How to replant mature blueberry bushes

Credit: iStock / Sandy Manter


Q: What is the best method for replanting mature blueberry plants and what kind of soil is the best?

The most important thing to know about suitable soil for blueberries is that it should be acidic, with a range of 4.5 to 5.2. You will likely need to change the soil pH, so have your soil tested. Otherwise, blueberries prefer sandy loam soil that is well drained. Since you are working with clay soil, add in organic matter.

When planting, dig a hole 18 inches deep and 18 inches wide and mix 1 cubic foot of peat moss with topsoil until the hole is filled 4 inches from the top. Set the plant and cover the roots with the remaining peat-soil mix. In heavy soils, an equal amount of peat can be mixed with an equal amount of soil. Set plants 5 feet apart with rows 10 feet apart. Apply 4 inches of sawdust or wood-chip mulch in a 2 feet wide band after planting, and maintain a 4-inch depth and 4-foot band over the life of the planting.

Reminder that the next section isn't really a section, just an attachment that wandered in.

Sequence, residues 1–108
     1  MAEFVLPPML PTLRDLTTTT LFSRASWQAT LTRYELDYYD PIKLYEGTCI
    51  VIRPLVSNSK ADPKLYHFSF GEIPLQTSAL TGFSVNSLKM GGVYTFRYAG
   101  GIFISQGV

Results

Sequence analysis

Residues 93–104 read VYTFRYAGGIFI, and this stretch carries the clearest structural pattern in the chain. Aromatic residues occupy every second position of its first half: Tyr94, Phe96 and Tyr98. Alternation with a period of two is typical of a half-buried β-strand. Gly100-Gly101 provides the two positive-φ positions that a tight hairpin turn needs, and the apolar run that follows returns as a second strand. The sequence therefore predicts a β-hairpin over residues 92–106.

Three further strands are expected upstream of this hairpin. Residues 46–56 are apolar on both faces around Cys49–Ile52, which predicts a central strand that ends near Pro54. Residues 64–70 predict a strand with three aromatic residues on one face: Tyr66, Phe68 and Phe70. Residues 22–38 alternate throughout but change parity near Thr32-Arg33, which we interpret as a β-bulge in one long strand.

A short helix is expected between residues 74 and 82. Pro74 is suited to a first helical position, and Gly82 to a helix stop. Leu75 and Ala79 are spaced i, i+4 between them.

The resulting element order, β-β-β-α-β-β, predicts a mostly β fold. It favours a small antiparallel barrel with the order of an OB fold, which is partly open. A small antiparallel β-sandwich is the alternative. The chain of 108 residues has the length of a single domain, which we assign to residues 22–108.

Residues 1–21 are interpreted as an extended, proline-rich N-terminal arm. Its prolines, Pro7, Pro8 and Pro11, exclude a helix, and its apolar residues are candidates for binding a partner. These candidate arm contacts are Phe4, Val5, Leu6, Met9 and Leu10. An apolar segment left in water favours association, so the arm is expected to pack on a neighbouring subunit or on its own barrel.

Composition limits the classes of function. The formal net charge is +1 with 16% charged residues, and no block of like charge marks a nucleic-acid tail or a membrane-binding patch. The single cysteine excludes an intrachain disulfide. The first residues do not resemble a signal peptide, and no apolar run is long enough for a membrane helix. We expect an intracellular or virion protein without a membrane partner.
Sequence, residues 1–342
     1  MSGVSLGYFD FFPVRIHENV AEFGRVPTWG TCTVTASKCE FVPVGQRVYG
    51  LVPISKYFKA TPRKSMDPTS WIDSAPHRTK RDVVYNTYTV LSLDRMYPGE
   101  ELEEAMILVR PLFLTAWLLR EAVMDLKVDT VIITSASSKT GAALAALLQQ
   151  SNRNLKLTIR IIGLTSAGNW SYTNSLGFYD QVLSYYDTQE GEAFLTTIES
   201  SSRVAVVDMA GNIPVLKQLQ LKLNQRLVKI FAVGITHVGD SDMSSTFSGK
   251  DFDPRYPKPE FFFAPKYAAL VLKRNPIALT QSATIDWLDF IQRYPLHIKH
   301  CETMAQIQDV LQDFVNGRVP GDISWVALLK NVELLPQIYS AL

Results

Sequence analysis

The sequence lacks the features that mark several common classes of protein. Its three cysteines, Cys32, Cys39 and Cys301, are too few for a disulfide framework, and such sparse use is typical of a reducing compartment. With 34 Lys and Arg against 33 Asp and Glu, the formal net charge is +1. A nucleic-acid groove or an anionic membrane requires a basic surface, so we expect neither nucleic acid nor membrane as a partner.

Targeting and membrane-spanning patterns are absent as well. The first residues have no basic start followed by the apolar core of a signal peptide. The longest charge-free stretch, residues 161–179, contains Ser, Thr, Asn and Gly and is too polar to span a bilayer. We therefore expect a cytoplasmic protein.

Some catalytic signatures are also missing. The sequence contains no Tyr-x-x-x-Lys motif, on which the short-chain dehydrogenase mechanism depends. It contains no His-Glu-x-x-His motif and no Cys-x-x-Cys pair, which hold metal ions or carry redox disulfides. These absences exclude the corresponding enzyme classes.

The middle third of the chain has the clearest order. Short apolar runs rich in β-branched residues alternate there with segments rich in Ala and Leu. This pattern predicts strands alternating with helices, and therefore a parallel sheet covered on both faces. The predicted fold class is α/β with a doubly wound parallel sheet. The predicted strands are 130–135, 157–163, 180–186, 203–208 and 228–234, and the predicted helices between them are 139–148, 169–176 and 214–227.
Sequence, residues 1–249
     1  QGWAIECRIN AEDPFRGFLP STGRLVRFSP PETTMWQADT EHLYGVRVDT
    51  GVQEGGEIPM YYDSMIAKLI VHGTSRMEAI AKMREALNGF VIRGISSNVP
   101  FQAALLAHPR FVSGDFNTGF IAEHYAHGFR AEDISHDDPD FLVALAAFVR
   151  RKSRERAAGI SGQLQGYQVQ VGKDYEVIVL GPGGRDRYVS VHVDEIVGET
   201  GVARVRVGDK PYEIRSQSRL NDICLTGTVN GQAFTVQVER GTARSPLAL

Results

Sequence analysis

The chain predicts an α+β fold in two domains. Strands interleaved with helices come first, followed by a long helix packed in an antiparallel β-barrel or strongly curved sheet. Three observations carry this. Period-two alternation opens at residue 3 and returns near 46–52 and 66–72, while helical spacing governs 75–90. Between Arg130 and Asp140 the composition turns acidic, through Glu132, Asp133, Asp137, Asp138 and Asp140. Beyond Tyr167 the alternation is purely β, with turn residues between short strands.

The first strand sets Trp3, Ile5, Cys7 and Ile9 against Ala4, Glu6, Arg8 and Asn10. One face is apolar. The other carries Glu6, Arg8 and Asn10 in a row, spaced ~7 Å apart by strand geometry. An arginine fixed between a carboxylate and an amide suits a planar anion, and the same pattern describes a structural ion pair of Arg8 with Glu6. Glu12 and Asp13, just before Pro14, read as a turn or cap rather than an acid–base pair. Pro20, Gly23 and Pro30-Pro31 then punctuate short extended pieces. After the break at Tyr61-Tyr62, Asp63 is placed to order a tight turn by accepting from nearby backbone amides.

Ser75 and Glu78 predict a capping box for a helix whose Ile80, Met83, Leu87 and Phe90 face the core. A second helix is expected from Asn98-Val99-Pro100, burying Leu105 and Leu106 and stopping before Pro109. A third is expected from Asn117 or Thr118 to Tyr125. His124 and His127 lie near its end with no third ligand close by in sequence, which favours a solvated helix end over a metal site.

Generous use of mulches like sawdust or peat moss will help control weeds, conserve moisture and keep roots cool. Increased organic matter from decomposing mulch will help improve soil structure and nutrient uptake of blueberry bush. Replenish mulch as needed to keep the mulch depth at 2 to 4 inches.

Water your blueberries regularly. They should receive about 1 to 2 inches of water per week. In order to make the plant stronger and more productive, pick off any flower buds that appear for the first two years after planting. This will encourage the plant to work on the roots and branches (canes).

Blueberries are self-pollinating, but for the best fruit production, plant more than one variety.